Cygilant Blog

Scope of 2012 LinkedIn Data Breach Much Larger

Posted by Trevan Marden on May 31, 2016


Last week, news sources reported that the data breach that occurred at LinkedIn in 2012 was actually much, much larger than original thought. The breach was originally thought to have affected almost 6.5 million accounts, but security researchers have now discovered a much larger data dump, containing 117 million login credentials, offered for sale on the dark web. LinkedIn has acknowledged the news and has taken steps to invalidate credentials for all accounts that have not yet reset their passwords since the data breach occurred, reminding all users that changing passwords frequently is a recommended security practice, as well as recommending that users consider two-factor authentication.

BitDefender Customer Data Breached

Posted by Vijay Basani on Aug 12, 2015

BitDefender, a cybersecurity and anti-virus firm, was hacked in late July by a hacker who went by the name DetoxRansome. The hacker revealed on Twitter that he was behind the cyber attack, and then demanded $15,000. DetoxRansome threatened to leak the stolen data online if BitDefender did not comply with his demands. The hacker published the email addresses and passwords for two BitDefender customer accounts to prove that the company’s customer data had been compromised. The hacker also leaked the login credentials to a BitDefender company account. The Romanian cybersecurity firm is working with authorities to find the hacker.

What Sony’s Hacking Can Teach You About Cybersecurity

Posted by Security Steve on Aug 7, 2015


When Sony Pictures Entertainment was hacked last November, it became the most dramatic theft and destruction of corporate data in the history of hacking.


The hackers responsible broke into company servers and stole personnel information, emails, Social Security numbers, salary and other business information, and even yet-to-be-released movies from Sony’s servers. That information was not just stolen though, it was also erased from the computers storing it.


Initially represented by politicians and journalists as a North Korea-perpetrated event and a response to Sony’s comedy The Interview, many responsible security experts claimed it was more likely an inside job. And when it comes to the lessons this event has to teach those of us who do not produce satirical motion pictures, we might as well start there.

Keyboard Vulnerabilities Found in Samsung Devices

Posted by Vijay Basani on Jul 15, 2015

A bug found in the way Samsung mobile devices update their default SwiftKey keyboards has left over 600 million devices vulnerable to a security breach. The bug leaves devices vulnerable to man in the middle attacks because the SwiftKey keyboard looks for language pack updates over unencrypted lines. The bug lets hackers execute code as privileged users, and send malicious security updates to devices through spoof proxy servers. Hackers can siphon text messages, contact data, and financial log-ins from banking apps. The bug also lets hackers turn on the device’s camera, microphone, and GPS, and allows them to eavesdrop on phone calls.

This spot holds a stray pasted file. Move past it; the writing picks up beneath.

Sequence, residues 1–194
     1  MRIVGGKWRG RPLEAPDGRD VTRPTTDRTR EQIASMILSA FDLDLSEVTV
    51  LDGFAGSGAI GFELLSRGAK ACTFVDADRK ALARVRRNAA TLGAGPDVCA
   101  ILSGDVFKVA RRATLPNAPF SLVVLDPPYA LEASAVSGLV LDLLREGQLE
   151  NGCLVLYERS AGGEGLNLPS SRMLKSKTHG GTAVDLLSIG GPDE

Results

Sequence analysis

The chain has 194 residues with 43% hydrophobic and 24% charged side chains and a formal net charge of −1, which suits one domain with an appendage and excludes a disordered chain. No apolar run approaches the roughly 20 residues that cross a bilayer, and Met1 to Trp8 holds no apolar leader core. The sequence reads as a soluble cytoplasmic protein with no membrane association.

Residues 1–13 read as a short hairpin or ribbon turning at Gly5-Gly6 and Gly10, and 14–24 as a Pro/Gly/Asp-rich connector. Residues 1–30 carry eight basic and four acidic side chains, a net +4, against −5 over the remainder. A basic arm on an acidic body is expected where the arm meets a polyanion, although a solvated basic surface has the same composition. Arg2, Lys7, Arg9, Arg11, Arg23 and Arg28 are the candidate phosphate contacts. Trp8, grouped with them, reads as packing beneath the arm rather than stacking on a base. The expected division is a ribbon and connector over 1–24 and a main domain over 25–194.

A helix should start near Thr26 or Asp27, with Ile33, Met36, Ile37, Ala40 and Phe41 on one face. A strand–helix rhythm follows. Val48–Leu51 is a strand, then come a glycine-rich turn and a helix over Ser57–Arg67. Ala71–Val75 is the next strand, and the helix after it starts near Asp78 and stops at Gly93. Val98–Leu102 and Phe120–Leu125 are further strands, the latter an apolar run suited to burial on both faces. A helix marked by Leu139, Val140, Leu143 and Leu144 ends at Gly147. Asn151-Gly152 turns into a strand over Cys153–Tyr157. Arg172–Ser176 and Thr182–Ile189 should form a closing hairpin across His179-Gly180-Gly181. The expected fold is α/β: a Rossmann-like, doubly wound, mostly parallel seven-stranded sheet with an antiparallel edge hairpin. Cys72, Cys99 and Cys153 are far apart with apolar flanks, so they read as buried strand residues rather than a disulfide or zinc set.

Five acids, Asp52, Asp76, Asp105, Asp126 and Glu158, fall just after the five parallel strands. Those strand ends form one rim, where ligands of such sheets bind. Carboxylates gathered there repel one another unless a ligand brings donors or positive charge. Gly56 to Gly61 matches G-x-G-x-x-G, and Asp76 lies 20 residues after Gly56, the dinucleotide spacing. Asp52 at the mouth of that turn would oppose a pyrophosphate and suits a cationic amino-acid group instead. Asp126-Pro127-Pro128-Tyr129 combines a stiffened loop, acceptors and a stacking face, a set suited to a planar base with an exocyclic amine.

LastPass Become Victims of Data Breach

Posted by Vijay Basani on Jul 1, 2015

Online password organizer LastPass announced in a blog post that their services were breached a few weeks ago. Attackers were able to compromise email addresses, password hints, server per user salts, and authentication hashes, but they were not able to compromise master passwords, or individual passwords.

LastPass Breach: Is ‘One Ring to Rule Them All’ Good Security?

Posted by Trevan Marden on Jun 23, 2015


GitHub Suffers DDoS Attack from China

Posted by Vijay Basani on Apr 8, 2015

GitHub, the world’s largest host for collaborative coding projects, disclosed that they are facing the largest DDoS attack in the company’s history. The attack began on Thursday and continued into Monday. The DDoS attack took traffic from China’s largest search engine, Baidu, and directed it to GitHub. The onslaught of large amounts of traffic stopped GitHub’s website from functioning properly. The DDoS attack is caused by “some nefarious JavaScript that is being injected by a certain device at the border of China’s inner network and the Internet when people use Baidu,” according to Ars Technica.

Video Streaming Site Twitch Potentially Breached

Posted by Vijay Basani on Apr 1, 2015

Gameplay streaming video platform Twitch revealed that its website may have been hacked last week. Twitch released an official statement that did not directly confirm the attack, but said that user information could have been compromised due to a malicious code. Included in the potentially compromised information is: usernames, passwords, phone numbers, email addresses, birthdates, home addresses, and IP addresses. The multichannel online network does fully store credit card information, so credit card numbers were not compromised. However, some credit card information was compromised, like credit card types, truncated card numbers, and expiration dates. The company sent out advisory emails to all of the affected users.

Sony Pictures: Latest Victim of Hacking

Posted by Vijay Basani on Dec 10, 2014

Last week, Sony Pictures Entertainment employees turned on their computers, only to find a picture of a skeleton that warned that the movie studio had been hacked by a group called the GOP, or Guardians of Peace. The picture also warned that the hackers would leak confidential internal data. Employees were then instructed to stop using their computers as the studio dealt with this major breach in their cyber security. Hackers had already acted before the studio could prevent a data leak. DVD-quality copies of Mr. Turner, Annie, Still Alice, To Write Love on Her Arms, and Fury had been distributed on various file-sharing websites.

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